January 27, 1829-July 17, 1904
Isaac Roberts was a Welsh astronomer who was a pioneer in photography of nebulae. He was a member of the Liverpool Astronomical Society in England and was a fellow of the Royal Geological Society. Roberts was also awarded the Gold Medal of the Royal Astronomical Society in 1895.
In 1883, Roberts began experimenting with stellar photography and by 1885 he had built an observatory with a 20-inch reflector. This allowed him to make significant progress in the then-developing field of astronomical photography.
Some deep space objects were too faint to be viewed by a normal telescope. However, these could be revealed using a photographic plate if the exposure was long enough. However, because the Earth rotates, the longer the exposure time was, the blurrier the image would be. On the other hand, if the exposure time was too short, then an image could not be produced due to the faint nature of these deep space objects. Isaac Roberts's solution to this dilemma was to develop a telescope/camera combination that would track the subject, allowing for a long exposure time as well as a clear image.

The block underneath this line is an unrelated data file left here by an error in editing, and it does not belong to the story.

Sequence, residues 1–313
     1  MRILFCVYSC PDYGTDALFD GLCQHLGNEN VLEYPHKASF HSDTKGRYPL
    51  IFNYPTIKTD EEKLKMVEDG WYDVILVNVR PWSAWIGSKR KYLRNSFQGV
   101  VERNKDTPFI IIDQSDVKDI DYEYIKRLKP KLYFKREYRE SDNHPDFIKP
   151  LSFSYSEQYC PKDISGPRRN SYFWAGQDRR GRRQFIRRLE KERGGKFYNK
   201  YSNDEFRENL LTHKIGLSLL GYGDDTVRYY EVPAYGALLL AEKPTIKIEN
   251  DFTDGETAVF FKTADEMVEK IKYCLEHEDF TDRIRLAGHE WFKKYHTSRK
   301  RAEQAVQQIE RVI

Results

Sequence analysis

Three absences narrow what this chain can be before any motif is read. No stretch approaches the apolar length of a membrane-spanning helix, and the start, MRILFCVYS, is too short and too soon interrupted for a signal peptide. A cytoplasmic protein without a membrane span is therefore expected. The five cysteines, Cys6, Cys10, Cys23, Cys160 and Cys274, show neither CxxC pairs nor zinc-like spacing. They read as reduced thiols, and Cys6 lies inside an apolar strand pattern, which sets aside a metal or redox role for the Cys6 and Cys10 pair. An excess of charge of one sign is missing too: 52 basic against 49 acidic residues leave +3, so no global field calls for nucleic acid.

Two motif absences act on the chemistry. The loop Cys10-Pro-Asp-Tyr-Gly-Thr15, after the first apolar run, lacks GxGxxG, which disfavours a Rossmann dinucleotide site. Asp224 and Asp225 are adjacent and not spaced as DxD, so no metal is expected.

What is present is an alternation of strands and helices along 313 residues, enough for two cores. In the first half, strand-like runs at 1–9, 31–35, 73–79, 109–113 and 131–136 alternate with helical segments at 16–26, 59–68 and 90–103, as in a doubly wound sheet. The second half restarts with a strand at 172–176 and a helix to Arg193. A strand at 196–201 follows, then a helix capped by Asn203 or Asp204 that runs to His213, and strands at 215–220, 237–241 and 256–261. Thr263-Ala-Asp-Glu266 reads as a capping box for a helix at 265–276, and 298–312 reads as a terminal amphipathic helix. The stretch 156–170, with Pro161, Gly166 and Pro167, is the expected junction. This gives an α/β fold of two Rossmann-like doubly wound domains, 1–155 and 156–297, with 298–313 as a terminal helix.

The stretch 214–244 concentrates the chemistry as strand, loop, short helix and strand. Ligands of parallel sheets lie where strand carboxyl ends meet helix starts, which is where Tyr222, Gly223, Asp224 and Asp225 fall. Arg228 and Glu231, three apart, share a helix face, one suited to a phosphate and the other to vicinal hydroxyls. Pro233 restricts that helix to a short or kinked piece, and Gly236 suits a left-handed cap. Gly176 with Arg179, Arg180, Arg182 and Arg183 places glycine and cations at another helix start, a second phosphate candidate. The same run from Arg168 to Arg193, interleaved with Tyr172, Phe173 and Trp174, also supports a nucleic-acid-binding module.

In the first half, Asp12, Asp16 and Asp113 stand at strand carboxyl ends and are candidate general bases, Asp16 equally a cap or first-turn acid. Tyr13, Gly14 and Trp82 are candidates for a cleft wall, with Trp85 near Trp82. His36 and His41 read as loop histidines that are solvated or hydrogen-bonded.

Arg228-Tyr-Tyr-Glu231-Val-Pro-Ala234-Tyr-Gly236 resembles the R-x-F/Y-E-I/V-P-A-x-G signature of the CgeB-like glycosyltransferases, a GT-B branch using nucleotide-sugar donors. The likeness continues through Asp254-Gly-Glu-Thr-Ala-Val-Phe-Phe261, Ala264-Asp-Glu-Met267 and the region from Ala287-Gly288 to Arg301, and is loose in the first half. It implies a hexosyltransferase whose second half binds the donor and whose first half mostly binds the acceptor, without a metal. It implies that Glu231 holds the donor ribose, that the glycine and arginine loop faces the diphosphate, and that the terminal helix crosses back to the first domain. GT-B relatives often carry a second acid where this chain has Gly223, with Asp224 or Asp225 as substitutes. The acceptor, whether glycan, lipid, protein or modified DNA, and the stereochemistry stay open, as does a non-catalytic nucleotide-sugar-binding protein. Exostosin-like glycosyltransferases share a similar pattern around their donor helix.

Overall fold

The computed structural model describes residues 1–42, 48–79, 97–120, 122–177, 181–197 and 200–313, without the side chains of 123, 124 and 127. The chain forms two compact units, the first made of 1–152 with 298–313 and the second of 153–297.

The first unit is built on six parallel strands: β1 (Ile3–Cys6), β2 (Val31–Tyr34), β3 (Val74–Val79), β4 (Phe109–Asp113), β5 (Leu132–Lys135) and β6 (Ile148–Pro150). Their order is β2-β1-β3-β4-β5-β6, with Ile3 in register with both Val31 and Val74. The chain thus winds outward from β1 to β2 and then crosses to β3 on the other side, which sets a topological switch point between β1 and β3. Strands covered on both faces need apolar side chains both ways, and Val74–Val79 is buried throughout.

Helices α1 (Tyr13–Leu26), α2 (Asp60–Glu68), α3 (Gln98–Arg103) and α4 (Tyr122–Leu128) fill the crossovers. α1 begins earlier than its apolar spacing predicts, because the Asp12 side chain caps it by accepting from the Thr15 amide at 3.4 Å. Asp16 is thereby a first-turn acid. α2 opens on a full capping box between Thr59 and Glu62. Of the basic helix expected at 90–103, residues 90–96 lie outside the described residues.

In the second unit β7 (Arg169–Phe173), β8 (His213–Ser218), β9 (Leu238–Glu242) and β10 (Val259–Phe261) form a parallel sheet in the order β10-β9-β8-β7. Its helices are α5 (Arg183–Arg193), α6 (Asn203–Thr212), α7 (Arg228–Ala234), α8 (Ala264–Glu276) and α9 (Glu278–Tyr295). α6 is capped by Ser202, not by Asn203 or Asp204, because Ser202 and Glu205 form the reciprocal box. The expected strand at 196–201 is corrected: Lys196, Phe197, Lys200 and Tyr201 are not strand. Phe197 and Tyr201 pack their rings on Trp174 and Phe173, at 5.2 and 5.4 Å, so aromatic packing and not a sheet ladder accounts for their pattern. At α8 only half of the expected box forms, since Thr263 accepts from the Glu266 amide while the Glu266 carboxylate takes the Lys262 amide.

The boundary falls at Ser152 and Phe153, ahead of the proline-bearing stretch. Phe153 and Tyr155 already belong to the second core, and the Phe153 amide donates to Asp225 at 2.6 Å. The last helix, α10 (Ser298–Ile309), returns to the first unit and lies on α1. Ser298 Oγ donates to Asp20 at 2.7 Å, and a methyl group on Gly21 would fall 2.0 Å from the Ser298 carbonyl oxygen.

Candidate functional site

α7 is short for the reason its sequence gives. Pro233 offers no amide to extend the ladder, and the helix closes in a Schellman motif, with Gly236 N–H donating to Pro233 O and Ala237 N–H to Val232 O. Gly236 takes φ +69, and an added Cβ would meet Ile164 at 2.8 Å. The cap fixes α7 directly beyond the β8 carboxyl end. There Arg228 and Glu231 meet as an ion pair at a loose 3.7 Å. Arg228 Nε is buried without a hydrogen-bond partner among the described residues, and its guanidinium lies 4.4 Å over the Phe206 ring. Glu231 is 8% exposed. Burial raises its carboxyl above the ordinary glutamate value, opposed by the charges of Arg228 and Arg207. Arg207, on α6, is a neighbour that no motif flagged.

Some of his notable works include photographs of the Orion Nebula and Pleiades. Most consider Roberts's magnum opus to be a photograph showing the spiral structure of the Great Nebula in Andromeda, taken on December 29, 1888. His long exposure of the Andromeda Nebula revealed that it was actually a spiral nebula, which was quite unexpected at the time. Photographs such as this changed astronomy by revealing the true form of nebulae and clusters.
In addition to his considerable advancements in the field of astro-photography, Roberts also invented a machine called the Stellar Pantograver that could engrave stellar positions on copper plates.